Florida Wildlife Quest

Mr Pict and I do not often get any entirely child-free couple time.  In fact, it is as rare as hen’s teeth that we get some alone time.  Having grandparents on the premises to provide babysitting was, therefore, an opportunity so when they offered to look after the kids so we could spend a day together we were very grateful.  It is not that we do not love being with our kids, of course, just that it is equally important to remember that we were a couple before we were parents.

The kids had shown more interest in spending a day in the swimming pool than go exploring nature so we decided to spend the day searching for wildlife.  We drove out to Merritt Island wildlife reserve, which is near Cape Canaveral, as we felt that gave us the best opportunity to see manatees in December.

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Our first wildlife encounter was with a vulture.  I actually see vultures fairly frequently in Pennsylvania as they like to munch on roadkill.  The first time I saw one was quite arresting.  Used to seeing carrion crows muzzling into splattered beasts, it was strange to drive past something so large doing just the same thing.  A few months ago, I even had to drive around one vulture who was in the middle of the road, refusing to budge from the squirrel remains that were forming his breakfast.  The vulture I spotted on our wildlife excursion was similarly undeterred by my presence.  I was able to get quite close to him before he flew off into a nearby tree.  My eyes following him upwards, I noticed that there were a lot of vultures circling low in the sky.  I hoped it was not us that they had their eyes on.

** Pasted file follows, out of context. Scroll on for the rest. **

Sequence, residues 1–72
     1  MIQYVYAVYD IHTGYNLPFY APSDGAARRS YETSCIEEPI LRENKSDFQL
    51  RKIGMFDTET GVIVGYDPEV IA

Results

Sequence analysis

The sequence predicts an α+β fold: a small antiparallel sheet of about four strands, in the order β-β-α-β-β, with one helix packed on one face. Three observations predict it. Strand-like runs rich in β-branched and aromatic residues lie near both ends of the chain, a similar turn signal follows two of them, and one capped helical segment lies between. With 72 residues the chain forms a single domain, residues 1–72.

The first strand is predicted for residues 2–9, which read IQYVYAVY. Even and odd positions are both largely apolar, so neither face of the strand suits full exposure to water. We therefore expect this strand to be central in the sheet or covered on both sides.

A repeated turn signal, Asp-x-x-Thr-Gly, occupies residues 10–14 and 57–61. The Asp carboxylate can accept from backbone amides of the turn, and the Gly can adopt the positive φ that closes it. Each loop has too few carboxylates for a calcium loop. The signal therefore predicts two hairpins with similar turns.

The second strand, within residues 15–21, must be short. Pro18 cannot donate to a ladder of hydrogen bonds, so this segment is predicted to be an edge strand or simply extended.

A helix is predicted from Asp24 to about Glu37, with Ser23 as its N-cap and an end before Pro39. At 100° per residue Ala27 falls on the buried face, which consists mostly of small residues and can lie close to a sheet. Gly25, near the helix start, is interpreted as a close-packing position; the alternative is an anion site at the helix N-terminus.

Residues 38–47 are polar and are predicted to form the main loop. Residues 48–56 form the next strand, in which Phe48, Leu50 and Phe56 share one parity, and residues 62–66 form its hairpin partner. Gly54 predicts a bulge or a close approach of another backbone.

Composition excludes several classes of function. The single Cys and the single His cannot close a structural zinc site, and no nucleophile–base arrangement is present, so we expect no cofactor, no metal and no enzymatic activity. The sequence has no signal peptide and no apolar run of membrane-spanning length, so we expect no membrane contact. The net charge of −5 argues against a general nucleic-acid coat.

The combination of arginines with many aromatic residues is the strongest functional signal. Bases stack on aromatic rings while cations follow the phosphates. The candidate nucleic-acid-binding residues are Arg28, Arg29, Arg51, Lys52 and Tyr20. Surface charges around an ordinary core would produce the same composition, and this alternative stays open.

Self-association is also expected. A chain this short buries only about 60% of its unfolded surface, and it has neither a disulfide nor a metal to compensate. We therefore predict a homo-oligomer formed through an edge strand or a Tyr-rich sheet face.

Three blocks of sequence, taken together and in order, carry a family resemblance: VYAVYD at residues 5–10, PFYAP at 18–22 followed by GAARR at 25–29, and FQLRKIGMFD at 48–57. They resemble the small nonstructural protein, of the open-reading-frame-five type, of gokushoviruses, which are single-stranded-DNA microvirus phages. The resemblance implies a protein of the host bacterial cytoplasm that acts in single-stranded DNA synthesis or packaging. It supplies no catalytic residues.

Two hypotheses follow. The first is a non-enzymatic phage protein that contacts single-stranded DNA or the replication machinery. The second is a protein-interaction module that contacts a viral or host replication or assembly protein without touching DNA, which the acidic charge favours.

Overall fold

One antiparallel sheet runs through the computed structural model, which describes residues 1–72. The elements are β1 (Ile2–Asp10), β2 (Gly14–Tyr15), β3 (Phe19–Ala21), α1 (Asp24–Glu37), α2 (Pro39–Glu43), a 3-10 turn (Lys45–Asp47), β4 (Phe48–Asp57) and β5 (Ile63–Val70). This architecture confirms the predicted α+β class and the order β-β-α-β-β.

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Taking a stroll out along the shoreline, we spotted something large and dark emerge briefly from the water at some distance from us.  Could it possibly be?  We stopped and stared and watched as the same shapes emerged, submerged and re-emerged several times.  Rounded head.  Large, flattened tail.  Flippers.  Yes!  It was!  It was my first wild manatee.  I watched, delighted, as it continued to frolic in the water.  It was frustrating not being able to get close enough to see any of the detail of this wonderful, bizarre creature but it was still completely magical to encounter, even at a distance, this rare creature.